1 Step Forward 575 Back
Everton, along with all premiership clubs, has at least started to look at the totally unrealistic cost of watching football today. As previously stated, in an earlier article, and perhaps more due to falling attendances which would eventually, unchecked, have a detrimental effect on their ability to sell our product to the watching world for billions of pounds, the Premier League prompted the establishment of the £12m away fans fund.
Some clubs have been a little more innovative in their thinking, Aston Villa are the latest club to join Newcastle, West Brom, Hull City and Swansea in making a real difference to the prices paid by away fans; so it’s a start, not the conclusion of the supporters “Twenty’s Plenty” campaign.
Attending a game where there’s a full house and a great atmosphere, at the right price, is clearly where we all want to be, it’s the symbiotic relationship between fan, club and organising body that we all desire and benefit from. What we don’t need are parasites feeding off this relationship in the form of secondary ticket agencies which of course will come into their own if games increasingly sell out.
Let’s be quite clear, these businesses are little more than legalised touts which the clubs are embracing through monetary deals rather than an understanding of the English football fan psyche which finds touting abhorrent and has long since had their own methods of utilising unwanted tickets.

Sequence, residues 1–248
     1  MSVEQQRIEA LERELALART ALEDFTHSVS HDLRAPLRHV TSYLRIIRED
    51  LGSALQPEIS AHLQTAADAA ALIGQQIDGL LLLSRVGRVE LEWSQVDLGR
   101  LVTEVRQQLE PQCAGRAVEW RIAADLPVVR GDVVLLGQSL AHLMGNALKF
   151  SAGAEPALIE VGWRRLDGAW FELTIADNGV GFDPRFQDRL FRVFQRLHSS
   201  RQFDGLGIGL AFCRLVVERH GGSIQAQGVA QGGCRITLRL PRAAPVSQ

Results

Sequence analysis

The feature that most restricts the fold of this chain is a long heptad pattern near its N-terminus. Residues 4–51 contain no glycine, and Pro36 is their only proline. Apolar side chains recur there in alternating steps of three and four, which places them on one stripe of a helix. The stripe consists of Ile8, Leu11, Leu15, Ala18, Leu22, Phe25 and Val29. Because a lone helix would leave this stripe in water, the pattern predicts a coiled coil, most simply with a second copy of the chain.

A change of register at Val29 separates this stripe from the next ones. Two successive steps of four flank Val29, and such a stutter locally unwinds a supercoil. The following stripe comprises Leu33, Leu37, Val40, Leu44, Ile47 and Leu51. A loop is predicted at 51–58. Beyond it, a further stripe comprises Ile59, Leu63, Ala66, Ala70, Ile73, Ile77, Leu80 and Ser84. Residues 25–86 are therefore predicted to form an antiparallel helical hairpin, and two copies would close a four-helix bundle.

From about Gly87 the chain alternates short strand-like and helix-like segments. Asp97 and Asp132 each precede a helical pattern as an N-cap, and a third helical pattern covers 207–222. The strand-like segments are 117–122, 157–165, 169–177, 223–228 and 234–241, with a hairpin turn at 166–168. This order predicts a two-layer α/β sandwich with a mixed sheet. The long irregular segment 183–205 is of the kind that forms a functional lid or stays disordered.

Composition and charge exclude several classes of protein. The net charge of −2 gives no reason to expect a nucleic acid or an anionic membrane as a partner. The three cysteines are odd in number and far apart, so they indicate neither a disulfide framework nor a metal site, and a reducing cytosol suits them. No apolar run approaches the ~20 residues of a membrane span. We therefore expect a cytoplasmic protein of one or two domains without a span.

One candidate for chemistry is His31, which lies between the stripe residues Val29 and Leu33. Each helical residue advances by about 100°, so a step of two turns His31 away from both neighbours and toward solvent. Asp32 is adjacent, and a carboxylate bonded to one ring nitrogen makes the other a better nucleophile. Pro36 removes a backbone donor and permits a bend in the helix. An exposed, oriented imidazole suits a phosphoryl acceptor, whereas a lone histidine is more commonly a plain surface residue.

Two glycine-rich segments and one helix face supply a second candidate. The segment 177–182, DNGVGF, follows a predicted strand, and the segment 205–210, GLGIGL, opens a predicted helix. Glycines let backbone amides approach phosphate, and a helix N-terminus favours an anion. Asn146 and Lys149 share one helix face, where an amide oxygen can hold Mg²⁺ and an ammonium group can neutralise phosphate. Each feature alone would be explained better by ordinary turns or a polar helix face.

For the November derby game ticket prices of up to £575 can be found on the site of Everton’s official partner StubHub whose activities are being defended by the club’s director of communications who, via twitter, claims,
“For those asking: StubHub offers ST holders a facility to sell their seat for games they can’t attend, it is the season ticket holder’s prerogative to list their seats at whatever price they choose, ultimately though, it is up to the potential purchaser to determine if they are prepared to pay it.”
That disheartening response is little more than a ticket tout’s argument. Let’s see if the same defence stands up for somebody arrested caught selling the same ticket for the same price outside the ground before that game; it won’t, guilty and a football banning order awaits them, but apparently if you’re an “Official Partner” of the club it’s acceptable so that's okay then.
What next? The official cocaine and heroin partner? Why not? After all, you don’t have to worry about the morals or the legalities because ultimately it's simply "up to the potential purchaser to determine if they are prepared to pay it"
Like all theories of the self-regulated free market economy the only thing that’s ultimate is that ultimately it’s a charter for those with their noses in the trough to exploit those who hand over their hard earned cash. Look at the power suppliers being regulated through supply and demand, look at the transport companies and with full houses it doesn't take a genius to work out that the “official ticketing partners” are waiting patiently like a praying mantis.
Spurs fans are already seizing the initiative through an online petition, do not let all the hard work by fans, organisations such as the Football Supporters Federation and those clubs who, in place of the traditional act of paying lip service to their fan solutions, have embraced the philosophy of the Twenty’s Plenty campaign over ticketing prices.
Don't sit on the fence over this one, don't abdicate your responsibility as a matchgoing fan, leaving temptation in front of others, as in the long run we’ll all suffer. You know it makes sense, lovely jubbly.